Saturday, 25 September 2010

New Labour Leader: Tory Reaction

Just found a Tory circular in my email putatively from Baroness Warsi. Here's the important bit (my italics):
On behalf of all of us in the Conservative Party, I congratulate Ed Miliband on his election as Leader of the Labour Party.

He will have many challenges ahead in these next few days, but if he wants to be taken seriously, the first thing he's got to do is own up to his role in creating the mess that Britain is in and tell us what he'd do to fix it.

From advising Gordon Brown in the Treasury in the 90s, to serving in his Cabinet in the 2000s, he must recognise his central role in creating the financial mess we're all paying for.

For the past five months, all we've heard from Labour is knee jerk opposition to our plans to tackle the deficit. Now is the time for Mr Miliband to tell us what he'd do instead. He promised us a Labour spending plan before the spending review, now we'd all like to see it.

The new Labour leader now has a clear choice. He can either serve the national interest by joining with us and the Liberal Democrats and set out how he would cut the deficit, or he can stand on the sidelines and refuse to engage with the biggest challenge facing Britain in decades.

The fact that Ed Miliband owes his position to the votes of the unions does not bode well. At the moment this looks like a great leap backwards for the Labour Party.
Spot on. Miliband Minor, the one who sounds like he's underwater when he talks, can't be permitted to wriggle his party out of its responsibility for the massive economic, social and foreign policy calamities its previous leadership and cabinet wrought on this country. Miliband Minor must also be brought to book the instant he caves in to his militant socialist union backers.

Personally, I expect the Coalition to treat this latest Labour clown with the contempt he so richly deserves. I know I will.

Thursday, 23 September 2010

The Coalition Song

After minister of the Crown for Business, the overloading-Cable's electrifying all out, carpet-bombing, nonsensical assault on the fundamental process of wealth creation, the basic tenets of civilised capitalism and, amusingly, all business generally, at the LibDum conference, I was just wondering what should be David Cameron's ironic song of the month. I've come up with this one:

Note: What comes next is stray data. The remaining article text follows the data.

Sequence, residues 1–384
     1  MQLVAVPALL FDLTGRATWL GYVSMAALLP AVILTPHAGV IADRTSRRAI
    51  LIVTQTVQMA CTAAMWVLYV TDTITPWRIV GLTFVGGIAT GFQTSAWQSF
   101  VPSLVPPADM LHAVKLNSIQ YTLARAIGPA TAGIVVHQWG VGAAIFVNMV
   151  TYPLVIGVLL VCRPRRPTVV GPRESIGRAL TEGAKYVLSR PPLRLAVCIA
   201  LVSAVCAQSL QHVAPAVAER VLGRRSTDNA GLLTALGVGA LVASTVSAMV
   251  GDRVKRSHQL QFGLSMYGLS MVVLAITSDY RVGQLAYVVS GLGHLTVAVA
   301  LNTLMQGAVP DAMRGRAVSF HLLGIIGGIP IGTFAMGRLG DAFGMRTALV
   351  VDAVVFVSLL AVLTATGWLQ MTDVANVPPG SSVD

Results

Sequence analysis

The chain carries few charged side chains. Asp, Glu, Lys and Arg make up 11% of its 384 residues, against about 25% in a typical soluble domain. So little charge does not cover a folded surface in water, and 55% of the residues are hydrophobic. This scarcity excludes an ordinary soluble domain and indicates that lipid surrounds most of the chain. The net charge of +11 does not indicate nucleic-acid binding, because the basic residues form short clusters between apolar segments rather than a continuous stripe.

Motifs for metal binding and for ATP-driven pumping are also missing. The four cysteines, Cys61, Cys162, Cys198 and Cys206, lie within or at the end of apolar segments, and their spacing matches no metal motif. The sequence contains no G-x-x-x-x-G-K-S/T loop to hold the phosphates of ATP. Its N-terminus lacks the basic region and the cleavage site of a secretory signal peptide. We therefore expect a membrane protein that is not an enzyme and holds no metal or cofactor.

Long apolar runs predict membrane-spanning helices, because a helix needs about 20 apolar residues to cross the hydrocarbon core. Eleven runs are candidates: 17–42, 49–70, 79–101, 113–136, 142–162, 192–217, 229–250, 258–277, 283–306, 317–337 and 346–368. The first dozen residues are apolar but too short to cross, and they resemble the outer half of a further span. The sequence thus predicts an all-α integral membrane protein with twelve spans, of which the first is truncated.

Perhaps others can think of a better one. For myself, the only electricity currently flowing from this unhappy political arrangement is the stuff from the power stations that the lefty enviro-loon Chris Huhne hasn't closed down (yet) and will never replace anyway once he does. Our coalition-compromise lunatic Energy minister has stated categorically that he will not allow new power stations to be built, not just nuclear ones but any type as far as I can see, until George Osborne gives in to his tax reform demands. The tax reforms are actually a pretty good idea if taken in total theoretical isolation. But the fact that mad-Huhne and his insane-professor mentor, Cable, are demanding these things from their own government, and that hatstand Huhne is prepared to hold the entire nation to energy ransom to get his way, tells me two things:

1) This coalition is one major reality check away from welcome collapse.
2) Cameron better realise that his friends are very definitely electric. They switch their loyalty on and off at the drop of a headline.

These dudes have strayed way off the reservation territory the Tory-LibDum treaty had so fairly mapped-out for them.

Interesting times are back. And Dave, hey mate: 'friends' are always electric, especially political ones.

Saturday, 11 September 2010

A Proper Christian Attitude

No book-burner I. In my ideal world, we turn our detractors from backwardness to comfort through a message that I believe should come with the strength of the beauty that is Christian (Catholic) largesse (sanctified but absolute free will nonetheless).

There's certainly no need for any extra antagonism. Everyone already knows where there is a clash so there is certainly no need for a chap in Florida who believes he has "found God" to make any sort of a fuss. He must not.

Anyway, that's all I really have to say about that.

Nice sort of to see you all again.

See? Christianity, if properly engaged with, is simply a very good thing. I challenge you or anyone else to prove otherwise.